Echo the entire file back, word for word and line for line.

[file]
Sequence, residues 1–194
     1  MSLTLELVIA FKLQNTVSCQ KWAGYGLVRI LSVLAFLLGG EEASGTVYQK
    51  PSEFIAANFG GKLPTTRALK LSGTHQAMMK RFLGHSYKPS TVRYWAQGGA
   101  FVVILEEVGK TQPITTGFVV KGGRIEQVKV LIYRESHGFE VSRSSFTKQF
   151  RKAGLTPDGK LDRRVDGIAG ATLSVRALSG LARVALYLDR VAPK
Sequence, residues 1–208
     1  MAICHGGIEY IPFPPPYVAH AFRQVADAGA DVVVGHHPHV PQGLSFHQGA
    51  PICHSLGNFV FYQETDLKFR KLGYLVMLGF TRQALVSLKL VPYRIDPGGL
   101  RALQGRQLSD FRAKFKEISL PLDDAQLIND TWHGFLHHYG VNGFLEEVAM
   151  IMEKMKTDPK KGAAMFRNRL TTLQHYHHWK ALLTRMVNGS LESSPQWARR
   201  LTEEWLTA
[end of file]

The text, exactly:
Sequence, residues 1–194
     1  MSLTLELVIA FKLQNTVSCQ KWAGYGLVRI LSVLAFLLGG EEASGTVYQK
    51  PSEFIAANFG GKLPTTRALK LSGTHQAMMK RFLGHSYKPS TVRYWAQGGA
   101  FVVILEEVGK TQPITTGFVV KGGRIEQVKV LIYRESHGFE VSRSSFTKQF
   151  RKAGLTPDGK LDRRVDGIAG ATLSVRALSG LARVALYLDR VAPK
Sequence, residues 1–208
     1  MAICHGGIEY IPFPPPYVAH AFRQVADAGA DVVVGHHPHV PQGLSFHQGA
    51  PICHSLGNFV FYQETDLKFR KLGYLVMLGF TRQALVSLKL VPYRIDPGGL
   101  RALQGRQLSD FRAKFKEISL PLDDAQLIND TWHGFLHHYG VNGFLEEVAM
   151  IMEKMKTDPK KGAAMFRNRL TTLQHYHHWK ALLTRMVNGS LESSPQWARR
   201  LTEEWLTA